Freedom’s natal day is here,
Fire the guns and shout for freedom,
See the flag above unfurled!
Hail the stars and stripes forever,
Dearest flag in all the world.
– Florence A. Jones
In celebration of the birth of our nation, this weekend the flag of the United States will be displayed more prominently across the country than at any other time of the year: fluttering up and down roadways, waving to our neighbors from front porches and churchyards, and flying in the wind while attached to boats cruising the waterways.
Standards for handling and displaying the American flag are set forth by the United States Code, written into law by Congress in 1942. While this federal code does not impose penalties for improper handling or misuse of the flag, if we care enough to display a flag, we should care enough to treat it with respect.
Here are some basic rules to follow when displaying our flag:
A flag on your house should hang from a staff that angles out from the front wall, a windowsill, or balcony. Do not allow the flag to touch anything beneath it, such as the ground or water. You may also hang the flag from a horizontal staff.
Whether the flag hangs from an angled or horizontal staff, be sure the union (the blue square with the 50 white stars) is at the top. Hanging the flag with the union down signals extreme distress.
When the flag is displayed either horizontally or vertically against a wall, the union should be at the top and to your left. When displayed in a window, the flag should be hung so that the union is on the left when you see it from the street.
The American flag is not to be worn as clothing, used as a blanket, drapery, etc., or be printed on anything that is designed for temporary use. It is a good thing that we aren’t penalized for violating this code; how often do we see flag-imprinted paper plates, napkins, head scarves, and even bikinis?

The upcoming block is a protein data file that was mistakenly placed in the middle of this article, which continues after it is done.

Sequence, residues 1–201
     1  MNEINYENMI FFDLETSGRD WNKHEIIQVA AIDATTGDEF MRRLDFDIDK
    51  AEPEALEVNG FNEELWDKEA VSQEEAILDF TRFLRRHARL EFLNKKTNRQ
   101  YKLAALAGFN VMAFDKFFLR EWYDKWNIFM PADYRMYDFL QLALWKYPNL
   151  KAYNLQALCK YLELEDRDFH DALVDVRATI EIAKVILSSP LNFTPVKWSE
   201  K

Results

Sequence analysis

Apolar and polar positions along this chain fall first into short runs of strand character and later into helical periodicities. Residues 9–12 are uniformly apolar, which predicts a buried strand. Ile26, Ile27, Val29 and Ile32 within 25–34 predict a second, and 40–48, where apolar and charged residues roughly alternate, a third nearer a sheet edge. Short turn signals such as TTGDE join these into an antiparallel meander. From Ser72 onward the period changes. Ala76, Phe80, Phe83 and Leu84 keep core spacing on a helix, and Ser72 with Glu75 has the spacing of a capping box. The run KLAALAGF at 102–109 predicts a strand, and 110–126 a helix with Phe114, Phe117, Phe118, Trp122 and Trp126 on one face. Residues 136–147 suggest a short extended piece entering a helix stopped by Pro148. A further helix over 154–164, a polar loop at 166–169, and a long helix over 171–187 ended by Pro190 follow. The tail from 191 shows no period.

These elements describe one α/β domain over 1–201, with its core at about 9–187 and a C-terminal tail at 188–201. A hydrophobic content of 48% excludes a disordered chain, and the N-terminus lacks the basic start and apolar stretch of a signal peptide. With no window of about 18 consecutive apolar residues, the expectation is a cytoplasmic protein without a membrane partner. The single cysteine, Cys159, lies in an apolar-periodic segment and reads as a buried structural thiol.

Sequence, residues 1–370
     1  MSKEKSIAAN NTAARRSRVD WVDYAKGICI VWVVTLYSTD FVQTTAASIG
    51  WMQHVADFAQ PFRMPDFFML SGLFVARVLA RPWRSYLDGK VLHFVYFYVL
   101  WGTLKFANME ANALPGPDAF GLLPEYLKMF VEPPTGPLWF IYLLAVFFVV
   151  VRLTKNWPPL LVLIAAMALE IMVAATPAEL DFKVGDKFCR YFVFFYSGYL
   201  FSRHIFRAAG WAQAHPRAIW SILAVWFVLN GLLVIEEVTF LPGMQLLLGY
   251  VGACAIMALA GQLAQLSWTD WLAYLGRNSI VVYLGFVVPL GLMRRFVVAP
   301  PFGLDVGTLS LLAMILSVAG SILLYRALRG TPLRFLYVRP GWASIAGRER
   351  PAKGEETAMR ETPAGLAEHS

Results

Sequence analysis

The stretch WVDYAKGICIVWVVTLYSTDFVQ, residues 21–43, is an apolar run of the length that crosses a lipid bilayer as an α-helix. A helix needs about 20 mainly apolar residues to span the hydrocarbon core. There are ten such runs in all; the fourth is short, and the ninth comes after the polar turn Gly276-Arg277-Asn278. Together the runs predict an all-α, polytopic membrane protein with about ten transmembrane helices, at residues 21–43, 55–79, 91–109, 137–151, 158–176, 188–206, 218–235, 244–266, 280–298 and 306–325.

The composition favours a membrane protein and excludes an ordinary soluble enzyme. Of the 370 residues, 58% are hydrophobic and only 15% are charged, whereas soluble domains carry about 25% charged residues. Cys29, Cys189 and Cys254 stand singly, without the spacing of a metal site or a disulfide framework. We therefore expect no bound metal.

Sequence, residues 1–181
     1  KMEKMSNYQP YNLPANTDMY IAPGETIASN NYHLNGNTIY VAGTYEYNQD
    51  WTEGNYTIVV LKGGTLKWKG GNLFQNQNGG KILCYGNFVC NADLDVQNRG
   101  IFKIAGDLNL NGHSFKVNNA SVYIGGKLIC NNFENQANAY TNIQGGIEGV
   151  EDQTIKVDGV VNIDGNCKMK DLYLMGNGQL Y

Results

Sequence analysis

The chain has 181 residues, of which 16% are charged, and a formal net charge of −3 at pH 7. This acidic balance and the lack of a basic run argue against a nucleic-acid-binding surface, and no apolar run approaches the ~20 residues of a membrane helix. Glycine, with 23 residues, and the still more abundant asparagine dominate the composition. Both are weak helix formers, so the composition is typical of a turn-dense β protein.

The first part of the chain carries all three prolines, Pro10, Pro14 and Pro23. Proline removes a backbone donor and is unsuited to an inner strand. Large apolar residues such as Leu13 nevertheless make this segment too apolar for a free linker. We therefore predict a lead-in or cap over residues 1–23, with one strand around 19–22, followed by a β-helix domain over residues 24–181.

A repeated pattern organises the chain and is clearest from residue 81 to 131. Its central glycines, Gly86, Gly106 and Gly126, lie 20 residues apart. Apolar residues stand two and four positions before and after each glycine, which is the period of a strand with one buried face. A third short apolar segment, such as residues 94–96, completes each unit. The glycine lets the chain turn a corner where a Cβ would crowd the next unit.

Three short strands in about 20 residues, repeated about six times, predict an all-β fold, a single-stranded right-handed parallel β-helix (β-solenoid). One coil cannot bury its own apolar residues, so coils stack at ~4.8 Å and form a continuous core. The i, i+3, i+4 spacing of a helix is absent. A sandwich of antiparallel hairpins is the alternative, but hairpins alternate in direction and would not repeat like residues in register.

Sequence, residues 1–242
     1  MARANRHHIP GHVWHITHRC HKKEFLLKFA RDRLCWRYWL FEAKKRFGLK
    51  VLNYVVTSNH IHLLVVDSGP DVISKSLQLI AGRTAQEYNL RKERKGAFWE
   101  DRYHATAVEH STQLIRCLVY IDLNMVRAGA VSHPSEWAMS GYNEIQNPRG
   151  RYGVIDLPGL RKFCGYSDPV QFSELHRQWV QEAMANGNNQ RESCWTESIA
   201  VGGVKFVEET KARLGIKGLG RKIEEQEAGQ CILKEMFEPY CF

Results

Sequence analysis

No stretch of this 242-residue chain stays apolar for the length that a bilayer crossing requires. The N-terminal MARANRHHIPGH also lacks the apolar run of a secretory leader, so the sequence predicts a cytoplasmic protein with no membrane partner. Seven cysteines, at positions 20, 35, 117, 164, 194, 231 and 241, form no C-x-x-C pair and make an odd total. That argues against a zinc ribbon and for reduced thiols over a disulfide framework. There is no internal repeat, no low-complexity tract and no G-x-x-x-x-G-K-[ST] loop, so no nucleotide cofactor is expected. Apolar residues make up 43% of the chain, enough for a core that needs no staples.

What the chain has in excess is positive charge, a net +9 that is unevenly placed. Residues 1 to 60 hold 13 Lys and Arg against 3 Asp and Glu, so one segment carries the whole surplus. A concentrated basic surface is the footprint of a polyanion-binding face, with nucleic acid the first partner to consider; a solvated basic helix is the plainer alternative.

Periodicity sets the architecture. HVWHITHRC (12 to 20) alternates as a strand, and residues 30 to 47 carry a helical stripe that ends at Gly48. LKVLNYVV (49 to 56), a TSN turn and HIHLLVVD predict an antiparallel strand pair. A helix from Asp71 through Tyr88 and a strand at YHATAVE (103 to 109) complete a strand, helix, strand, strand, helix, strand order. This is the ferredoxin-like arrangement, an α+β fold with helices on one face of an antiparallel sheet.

If you wear a flag lapel pin, wear it on your left lapel close to your heart.
Though it is customary to fly the flag from sunrise to sunset, the U.S. Code states that when a patriotic effect is desired, you can display it around the clock. If you do, you should illuminate it with a light.
If an American flag is on the same staff as other flags, it should always be at the top, as no other flag should be in a position of greater prominence.
When displayed from a car, the flagstaff should be fixed or clamped firmly to the vehicle, ideally on the right side. The flag should not be draped over the hood, top, sides, or back. The same holds true for a flag displayed on a float in a parade.
Never fly a torn and tattered flag. If you cannot clean and repair the tears, dispose of your flag properly. The U.S. Code states that unserviceable flags should be burned in a respectful, ceremonial manner, but, in some states, it is illegal to burn synthetic materials. While it is not illegal to simply throw your flag away, you should do it discreetly, i.e. wrap it in a bag so the flag is not showing. Most of us would cringe if we walked by a trashcan and saw an American flag tossed on top of the garbage. If you don’t want to throw the flag away and burning is not an option, donate the flag to your local American Legion post, boy scout troop or ROTC unit. They all hold respectful flag retirement and flag disposal ceremonies.
The U.S. Code states that the flag represents a living country and is itself considered a living thing. So fly Old Glory with pride, and treat her well.